Innovation In Advanced Care Is The Key To Healthcare Reform – ForbesPosted: January 29, 2014
Henry Doss, Contributor
“That we must all die, we always knew; I wish I had remembered it sooner.” – Samuel Johnson: Letter to Joshua Reynolds
This interview is the third in a series with Dr. Brad Stuart, a physician and leader in advanced care innovation. In the first interview – here – we discussed the current state of health care in the U. S. and how we might approach innovation in the overall health care system. In the second – here – we discussed the critical role that accountable care can play in driving innovation in delivery, payment and quality. In this third installment, we are talking about the outsized role that advanced care plays today from both a cost and patient experience perspective, and how we might change our approach to advanced care.
Henry: You have frequently talked about advanced care as the most important area of health care for the future. Why is that?
Dr. Stuart: Well, let’s start by defining “advanced care.” When we talk about advanced care we are talking about people with one or more chronic diagnoses, who are resistant to treatment and who are experiencing declining function and poor prospects for recovery. People with these kinds of illness are entering a gray zone between treatable and terminal illness. I think we are called to do two things in this world: We absolutely must create a more compassionate and effective approach to delivering care to those who are in this stage of life, and we must begin to understand and better manage the cost of advanced care.
Henry: That makes sense, of course. But how do you manage to talk about “costs” when you are dealing with human suffering and personal tragedy? Doesn’t that come across as being a little cold-hearted?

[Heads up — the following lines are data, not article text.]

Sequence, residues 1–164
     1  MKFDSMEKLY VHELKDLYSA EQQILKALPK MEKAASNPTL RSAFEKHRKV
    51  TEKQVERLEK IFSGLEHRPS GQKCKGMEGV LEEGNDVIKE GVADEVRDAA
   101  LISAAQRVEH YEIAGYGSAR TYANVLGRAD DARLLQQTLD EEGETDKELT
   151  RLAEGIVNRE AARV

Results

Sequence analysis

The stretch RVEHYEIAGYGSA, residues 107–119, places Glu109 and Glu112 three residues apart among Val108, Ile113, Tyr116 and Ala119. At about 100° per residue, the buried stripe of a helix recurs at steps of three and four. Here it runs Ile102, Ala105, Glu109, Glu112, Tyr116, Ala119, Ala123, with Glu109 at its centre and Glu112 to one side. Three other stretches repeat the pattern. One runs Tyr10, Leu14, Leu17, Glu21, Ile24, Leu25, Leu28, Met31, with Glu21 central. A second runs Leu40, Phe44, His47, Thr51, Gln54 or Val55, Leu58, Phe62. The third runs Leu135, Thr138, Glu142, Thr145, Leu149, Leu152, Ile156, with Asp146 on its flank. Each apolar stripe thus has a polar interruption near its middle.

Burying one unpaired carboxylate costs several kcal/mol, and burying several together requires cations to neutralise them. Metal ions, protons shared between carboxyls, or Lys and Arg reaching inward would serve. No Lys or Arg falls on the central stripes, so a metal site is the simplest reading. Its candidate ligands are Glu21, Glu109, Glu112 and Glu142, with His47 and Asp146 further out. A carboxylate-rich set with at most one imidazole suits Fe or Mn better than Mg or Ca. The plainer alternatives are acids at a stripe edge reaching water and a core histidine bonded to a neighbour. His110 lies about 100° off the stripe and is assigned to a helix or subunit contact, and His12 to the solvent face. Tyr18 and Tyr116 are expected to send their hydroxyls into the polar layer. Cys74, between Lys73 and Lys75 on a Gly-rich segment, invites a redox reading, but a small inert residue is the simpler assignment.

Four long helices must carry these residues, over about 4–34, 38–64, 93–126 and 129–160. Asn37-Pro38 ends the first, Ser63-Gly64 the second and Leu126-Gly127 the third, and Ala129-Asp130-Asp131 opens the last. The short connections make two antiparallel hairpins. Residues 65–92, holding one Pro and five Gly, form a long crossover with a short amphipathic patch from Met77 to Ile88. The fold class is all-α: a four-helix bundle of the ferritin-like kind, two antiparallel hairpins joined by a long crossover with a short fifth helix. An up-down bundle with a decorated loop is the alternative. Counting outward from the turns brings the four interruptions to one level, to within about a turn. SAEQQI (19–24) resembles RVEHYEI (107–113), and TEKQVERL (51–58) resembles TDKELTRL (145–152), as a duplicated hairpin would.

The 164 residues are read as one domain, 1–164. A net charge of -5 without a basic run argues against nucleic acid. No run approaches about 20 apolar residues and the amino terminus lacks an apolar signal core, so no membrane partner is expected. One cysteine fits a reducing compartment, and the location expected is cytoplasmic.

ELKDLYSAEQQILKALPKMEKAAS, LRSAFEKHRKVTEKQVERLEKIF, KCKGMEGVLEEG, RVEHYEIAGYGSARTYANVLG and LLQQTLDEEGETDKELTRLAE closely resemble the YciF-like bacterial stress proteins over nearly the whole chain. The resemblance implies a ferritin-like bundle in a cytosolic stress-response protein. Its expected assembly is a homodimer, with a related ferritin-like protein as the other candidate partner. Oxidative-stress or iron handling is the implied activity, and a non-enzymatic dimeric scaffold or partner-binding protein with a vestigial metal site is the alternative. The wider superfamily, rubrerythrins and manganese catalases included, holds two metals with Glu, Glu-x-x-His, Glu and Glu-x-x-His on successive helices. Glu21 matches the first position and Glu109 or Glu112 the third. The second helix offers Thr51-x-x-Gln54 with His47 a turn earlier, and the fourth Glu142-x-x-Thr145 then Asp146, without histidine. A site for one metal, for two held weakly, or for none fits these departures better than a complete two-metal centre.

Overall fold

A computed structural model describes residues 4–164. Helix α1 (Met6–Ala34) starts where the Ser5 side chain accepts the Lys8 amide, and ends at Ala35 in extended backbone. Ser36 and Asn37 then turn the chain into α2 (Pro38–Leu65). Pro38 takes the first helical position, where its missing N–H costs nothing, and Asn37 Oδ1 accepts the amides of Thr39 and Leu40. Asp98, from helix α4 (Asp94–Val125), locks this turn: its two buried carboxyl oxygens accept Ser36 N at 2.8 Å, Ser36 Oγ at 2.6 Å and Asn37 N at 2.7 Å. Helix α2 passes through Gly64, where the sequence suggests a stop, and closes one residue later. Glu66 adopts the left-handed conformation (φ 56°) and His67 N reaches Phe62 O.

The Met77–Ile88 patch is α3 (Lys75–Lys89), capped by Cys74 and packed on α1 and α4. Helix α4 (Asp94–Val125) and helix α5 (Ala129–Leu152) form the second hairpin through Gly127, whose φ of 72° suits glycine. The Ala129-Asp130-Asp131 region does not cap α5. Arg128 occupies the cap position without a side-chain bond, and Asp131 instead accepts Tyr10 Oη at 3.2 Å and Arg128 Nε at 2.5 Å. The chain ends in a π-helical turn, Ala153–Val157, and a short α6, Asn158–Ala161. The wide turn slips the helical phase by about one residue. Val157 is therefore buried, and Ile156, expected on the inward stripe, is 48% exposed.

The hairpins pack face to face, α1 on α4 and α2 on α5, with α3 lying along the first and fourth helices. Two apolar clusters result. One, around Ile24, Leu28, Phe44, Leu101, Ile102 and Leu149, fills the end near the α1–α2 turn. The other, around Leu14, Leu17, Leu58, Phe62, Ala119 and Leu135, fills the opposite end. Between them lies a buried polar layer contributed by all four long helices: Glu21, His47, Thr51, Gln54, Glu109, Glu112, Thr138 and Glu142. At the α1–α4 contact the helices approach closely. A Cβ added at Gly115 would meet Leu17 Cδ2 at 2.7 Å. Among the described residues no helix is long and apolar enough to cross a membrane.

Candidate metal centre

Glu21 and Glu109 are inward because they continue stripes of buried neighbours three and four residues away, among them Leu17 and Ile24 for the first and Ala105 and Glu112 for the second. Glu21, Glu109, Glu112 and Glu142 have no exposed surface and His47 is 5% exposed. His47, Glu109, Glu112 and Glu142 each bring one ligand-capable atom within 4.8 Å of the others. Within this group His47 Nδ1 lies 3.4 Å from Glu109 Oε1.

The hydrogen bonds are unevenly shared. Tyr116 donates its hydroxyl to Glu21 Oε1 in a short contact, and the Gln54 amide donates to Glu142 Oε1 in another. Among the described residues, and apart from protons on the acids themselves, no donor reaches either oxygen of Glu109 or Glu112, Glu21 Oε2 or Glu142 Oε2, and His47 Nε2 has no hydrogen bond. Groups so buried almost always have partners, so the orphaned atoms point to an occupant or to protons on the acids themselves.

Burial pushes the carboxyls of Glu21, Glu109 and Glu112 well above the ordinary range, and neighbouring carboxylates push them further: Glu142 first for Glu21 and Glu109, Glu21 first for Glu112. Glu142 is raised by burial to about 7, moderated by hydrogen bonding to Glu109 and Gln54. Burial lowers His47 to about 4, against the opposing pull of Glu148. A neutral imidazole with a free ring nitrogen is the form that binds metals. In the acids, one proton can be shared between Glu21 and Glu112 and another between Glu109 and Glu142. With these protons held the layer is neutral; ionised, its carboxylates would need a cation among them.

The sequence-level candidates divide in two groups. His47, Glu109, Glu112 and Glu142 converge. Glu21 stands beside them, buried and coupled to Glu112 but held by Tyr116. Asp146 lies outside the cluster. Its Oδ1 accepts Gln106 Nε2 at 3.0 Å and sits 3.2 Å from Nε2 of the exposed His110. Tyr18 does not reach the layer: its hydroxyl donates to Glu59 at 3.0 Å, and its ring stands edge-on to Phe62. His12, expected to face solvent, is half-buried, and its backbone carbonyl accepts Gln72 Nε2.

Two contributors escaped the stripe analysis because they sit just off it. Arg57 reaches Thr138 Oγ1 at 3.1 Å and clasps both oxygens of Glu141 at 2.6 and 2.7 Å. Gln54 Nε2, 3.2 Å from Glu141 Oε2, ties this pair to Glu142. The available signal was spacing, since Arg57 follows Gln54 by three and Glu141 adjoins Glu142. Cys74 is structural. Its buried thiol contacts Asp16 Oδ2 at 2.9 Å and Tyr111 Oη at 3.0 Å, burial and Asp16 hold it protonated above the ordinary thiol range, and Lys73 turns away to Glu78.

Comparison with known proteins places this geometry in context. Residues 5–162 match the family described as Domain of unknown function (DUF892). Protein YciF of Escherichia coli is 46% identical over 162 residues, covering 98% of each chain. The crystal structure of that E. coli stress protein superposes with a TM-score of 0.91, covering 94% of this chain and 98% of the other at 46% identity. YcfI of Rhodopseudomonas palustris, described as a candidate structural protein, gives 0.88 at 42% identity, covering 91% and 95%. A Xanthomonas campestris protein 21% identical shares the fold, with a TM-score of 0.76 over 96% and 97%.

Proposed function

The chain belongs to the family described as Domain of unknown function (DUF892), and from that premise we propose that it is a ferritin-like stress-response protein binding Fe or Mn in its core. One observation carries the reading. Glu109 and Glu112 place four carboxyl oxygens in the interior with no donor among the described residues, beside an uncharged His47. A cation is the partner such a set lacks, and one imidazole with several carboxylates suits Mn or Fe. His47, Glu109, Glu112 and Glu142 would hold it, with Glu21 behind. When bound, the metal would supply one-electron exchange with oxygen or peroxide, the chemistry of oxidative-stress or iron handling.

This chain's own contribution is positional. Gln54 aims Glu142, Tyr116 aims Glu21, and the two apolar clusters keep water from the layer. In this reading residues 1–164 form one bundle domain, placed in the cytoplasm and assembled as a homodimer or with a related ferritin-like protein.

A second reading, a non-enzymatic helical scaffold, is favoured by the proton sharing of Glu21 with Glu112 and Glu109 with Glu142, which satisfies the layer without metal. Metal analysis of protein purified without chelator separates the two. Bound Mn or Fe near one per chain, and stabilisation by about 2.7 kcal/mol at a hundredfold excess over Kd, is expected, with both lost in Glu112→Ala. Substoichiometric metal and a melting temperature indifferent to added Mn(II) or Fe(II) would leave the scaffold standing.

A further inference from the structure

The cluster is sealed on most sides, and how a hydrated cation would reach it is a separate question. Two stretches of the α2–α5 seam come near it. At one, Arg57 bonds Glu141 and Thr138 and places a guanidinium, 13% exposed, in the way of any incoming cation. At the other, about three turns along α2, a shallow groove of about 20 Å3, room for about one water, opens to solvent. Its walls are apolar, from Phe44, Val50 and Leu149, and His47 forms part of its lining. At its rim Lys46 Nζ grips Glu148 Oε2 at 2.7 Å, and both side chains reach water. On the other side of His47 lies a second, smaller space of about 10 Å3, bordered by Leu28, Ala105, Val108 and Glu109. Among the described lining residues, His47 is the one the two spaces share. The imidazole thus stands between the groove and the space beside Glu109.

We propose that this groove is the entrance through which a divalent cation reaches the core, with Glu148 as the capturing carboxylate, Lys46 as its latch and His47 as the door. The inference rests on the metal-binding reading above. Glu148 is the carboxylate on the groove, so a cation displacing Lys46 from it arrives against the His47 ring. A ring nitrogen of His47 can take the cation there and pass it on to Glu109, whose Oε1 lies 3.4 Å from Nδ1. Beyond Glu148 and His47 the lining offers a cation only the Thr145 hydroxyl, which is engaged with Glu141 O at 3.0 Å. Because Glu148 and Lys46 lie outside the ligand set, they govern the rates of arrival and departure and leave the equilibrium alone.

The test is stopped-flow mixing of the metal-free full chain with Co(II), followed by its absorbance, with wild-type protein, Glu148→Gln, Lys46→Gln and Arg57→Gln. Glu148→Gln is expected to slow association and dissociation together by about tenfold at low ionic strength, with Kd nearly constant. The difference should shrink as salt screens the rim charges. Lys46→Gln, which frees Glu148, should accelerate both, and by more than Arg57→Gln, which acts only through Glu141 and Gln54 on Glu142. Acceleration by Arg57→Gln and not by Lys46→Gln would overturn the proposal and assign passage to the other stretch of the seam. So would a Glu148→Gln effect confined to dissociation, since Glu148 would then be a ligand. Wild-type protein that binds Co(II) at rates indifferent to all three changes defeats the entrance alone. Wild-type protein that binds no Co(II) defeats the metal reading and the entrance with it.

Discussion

Dr. Stuart: You are exactly right. The advanced care conversation is a difficult one. Think about this: Advanced illness is not a sexy conversation topic. The quickest way for me to clear the room at a party is to tell people what I do for work. Advanced illness is fraught with emotional baggage. It’s very hard for people to talk about. But, ironically, it’s this very difficulty that makes it prime territory for innovation.
Henry: Before we talk about innovation, talk a little about just how big this advanced care challenge is.
Dr. Stuart: It’s probably bigger than you think, both in terms of human impact and in terms of cost. Let me just hit the high points. Over 25.0 percent of the entire Medicare budget is spent in the last year of patients’ lives. Over 30.0% of this is concentrated in the last month prior to death, and 80.0% of that is in the hospital. In the Medicare population, 5.0% of all beneficiaries account for half of the costs. And a very large portion of this 5.0% is made up of people with advanced illness who are cycling in and out of the hospital. So, in the world of advanced care, we have a substantial increase in expenditures, an increasing burden on Medicare, and a less-than-ideal patient experience. That seems to be an obvious place to start making dramatic changes.
Henry: OK, now I think we’re ready to start talking about innovation! What kind of changes do you see coming in advanced care, and how are those changes going to affect patients?
Dr. Stuart: Let me start where we should all start. We should understand that in advanced care, we are talking about helping people, not patients, get the most out of every minute of life, to support the incredible human capacity to adapt to even the hardest things, to take advantage of the American desire for autonomy. Advanced illness places terrible burdens on people afflicted with it. But even the frailest, sickest senior in a bare-bones slum apartment is not thinking of herself as “sick” or “dying”; she is thinking about living. Our job in advanced care is to support her living needs, at home and in her community.
Henry: OK. That sounds great and right and good. But how do we do this and at the same time begin to deal with a cost model that is spiraling out of control? Can we afford these idealistic goals?